It takes place in Egypt, mostly on a period paddle steamer on the Nile River. Many of the cultural highlights of Egypt are also featured in the film, such as the Great Pyramids, the Sphinx, and temples at Abu Simbel and Karnak, even though the locations are not in sequence. The boat trip starts in Aswan, follows to Karnak and then to Abu Simbel which is upstreams from Aswan. Furthermore, it was never possible to go by boat from Aswan to Abu Simbel, even before the Aswan Dam was built because of the cataracts near Aswan.
The film begins with a meeting between wealthy heiress Linnet Ridgeway (Lois Chiles) and her close friend Jacqueline de Bellefort (Mia Farrow). Jackie wants her fiancé, Simon Doyle (Simon MacCorkindale), to work for Linnet, but he and Linnet have a whirlwind affair and end up marrying. While honeymooning in Egypt, they are continually hounded by the jilted Jackie. In an attempt to get away, the Doyles pretend to go to the Cairo Railway Station before backtracking to board their booked cruise on a Nile paddle steamer, the S.S. Karnak.
When the passengers venture on-shore to examine a nearby temple, a large stone is pushed off a pillar and narrowly misses Simon and Linnet. They again encounter Jackie, who boards the ship having ignored the warnings of detective Hercule Poirot (Peter Ustinov) to stay away and having revealed that she carries a small automatic pistol.
That night, Jackie confronts Simon in a drunken rage and shoots him in the leg. The next morning, Linnet is found dead from a gunshot wound to the head. A "J" written in blood on the wall above her bed appears to implicate Jackie, but she has a solid alibi as Miss Bowers sedated and stayed with her all night. Taking it upon themselves to investigate, Poirot and his friend Colonel Race discover that the other passengers had a reason for wanting to kill Linnet: Louise Bourget, Linnet's maid, was bitter due to her mistress' refusal to grant her a promised dowry; Andrew Pennington, Linnet's American trustee, was anxious to prevent her from discovering that he embezzled from the Ridgeway estate; Mrs. van Schuyler, an elderly American socialite suffering from kleptomania, displayed a great interest in Linnet's pearl necklace; Miss Bowers, Mrs. van Schuyler's nurse and traveling companion, blamed Linnet's family for forcing her father into financial ruin and condemning her to a life of servitude; Salome Otterbourne, an eccentric romance novelist, was being sued for libel due to a likeness between Linnet and one of her characters; Rosalie Otterbourne, Mrs. Otterbourne's daughter, was anxious to protect her mother from financial ruin; James Ferguson, an outspoken Communist traveller, resented Linnet's vast wealth and affluent lifestyle; Ludwig Bessner, a Swiss psychiatrist, faced exposure by Linnet concerning his unorthodox methods.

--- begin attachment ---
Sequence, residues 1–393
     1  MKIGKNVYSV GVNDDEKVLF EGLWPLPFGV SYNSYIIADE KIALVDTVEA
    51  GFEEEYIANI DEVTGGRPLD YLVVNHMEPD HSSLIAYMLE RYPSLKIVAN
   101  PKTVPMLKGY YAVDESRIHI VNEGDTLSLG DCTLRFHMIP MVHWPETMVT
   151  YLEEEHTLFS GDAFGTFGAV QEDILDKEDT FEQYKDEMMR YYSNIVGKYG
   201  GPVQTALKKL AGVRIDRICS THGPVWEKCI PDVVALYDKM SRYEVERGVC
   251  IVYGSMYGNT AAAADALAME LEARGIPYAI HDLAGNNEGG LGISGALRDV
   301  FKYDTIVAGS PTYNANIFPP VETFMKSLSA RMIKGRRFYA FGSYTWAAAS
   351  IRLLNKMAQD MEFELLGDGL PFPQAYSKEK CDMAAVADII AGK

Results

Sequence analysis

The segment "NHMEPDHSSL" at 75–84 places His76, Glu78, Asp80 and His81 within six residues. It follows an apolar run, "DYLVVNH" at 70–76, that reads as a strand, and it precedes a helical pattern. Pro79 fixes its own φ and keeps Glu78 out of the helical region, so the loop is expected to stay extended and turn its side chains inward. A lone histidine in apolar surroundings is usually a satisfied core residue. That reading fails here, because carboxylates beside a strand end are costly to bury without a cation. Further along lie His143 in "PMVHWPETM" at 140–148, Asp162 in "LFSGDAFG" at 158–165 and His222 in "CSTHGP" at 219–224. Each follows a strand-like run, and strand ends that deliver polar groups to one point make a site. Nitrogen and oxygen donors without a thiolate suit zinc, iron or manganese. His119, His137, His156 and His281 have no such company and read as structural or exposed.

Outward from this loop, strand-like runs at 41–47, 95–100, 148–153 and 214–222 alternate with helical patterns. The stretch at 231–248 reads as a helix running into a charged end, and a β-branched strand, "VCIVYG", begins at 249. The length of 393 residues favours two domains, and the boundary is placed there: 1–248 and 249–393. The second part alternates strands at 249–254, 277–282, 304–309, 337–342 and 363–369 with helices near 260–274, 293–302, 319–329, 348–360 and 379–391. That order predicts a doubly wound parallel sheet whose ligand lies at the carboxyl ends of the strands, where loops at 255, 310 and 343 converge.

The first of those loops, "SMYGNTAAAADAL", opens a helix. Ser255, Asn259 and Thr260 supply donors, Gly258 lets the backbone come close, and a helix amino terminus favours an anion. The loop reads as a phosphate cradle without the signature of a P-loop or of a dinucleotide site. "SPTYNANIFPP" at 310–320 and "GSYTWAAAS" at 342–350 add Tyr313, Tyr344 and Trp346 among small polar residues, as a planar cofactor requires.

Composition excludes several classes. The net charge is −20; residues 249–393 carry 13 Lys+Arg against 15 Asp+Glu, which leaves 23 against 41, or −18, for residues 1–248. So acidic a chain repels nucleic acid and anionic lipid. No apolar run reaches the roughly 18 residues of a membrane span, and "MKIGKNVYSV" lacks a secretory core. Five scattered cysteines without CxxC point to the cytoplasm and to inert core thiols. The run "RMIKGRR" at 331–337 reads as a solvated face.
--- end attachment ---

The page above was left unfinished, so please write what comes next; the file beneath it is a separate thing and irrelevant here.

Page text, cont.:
Soon a bundle is found in the Nile. The missing pistol is wrapped in Mrs. van Schuyler's stole, which had a small bullet hole in it. A handkerchief was also included, stained with blood. Linnet's pearls are also discovered to be missing. When interrogated, Mrs. van Schuyler denies ever having touched them. Shortly after this, the pearls are found on Linnet's body, so Poirot deduces Mrs van Schuyler has put them there.
While Poirot and Race conduct their investigation, the maid Louise is murdered. Her throat has been cut with one of Dr. Bessner's scalpels and a fragment of a banknote is found in her hand. Poirot realizes she probably saw the murderer coming out of Linnet's cabin and attempted to extort money in return for her silence. Salome Otterbourne claims to have seen Louise's murderer and is about to tell Poirot and Race when she is shot in the head through an open cabin door with Pennington's revolver, too large to have been used on Linnet.
Poirot gathers everyone together in the saloon and reveals that Simon is responsible for Linnet's murder, with Jacqueline working as his accomplice. Jacqueline staged the shooting, leaving Simon free to kill Linnet while Ferguson and Rosalie attended to her. After running to Linnet's cabin and shooting her in the head, Simon shot him himself in the leg, using Mrs. van Schuyler's stole as a silencer. He proceeded to reload the gun with two unused bullets, wrap it in the stole, and throw it out the open window into the Nile. Jackie, meanwhile, killed Louise, who was blackmailing Simon because she witnessed him enter Linnet's cabin, and Mrs. Otterbourne, who saw Jacqueline exit Louise's cabin after slitting her throat.
When Simon points out that Poirot has no proof, he reveals that the police can determine whether or not he killed Linnet through a gunshot residue test. Realizing they are trapped, Jacqueline confesses before embracing Simon. At the last minute, Poirot realizes she has taken back her pistol but is unable to prevent her from shooting Simon in the head before killing herself.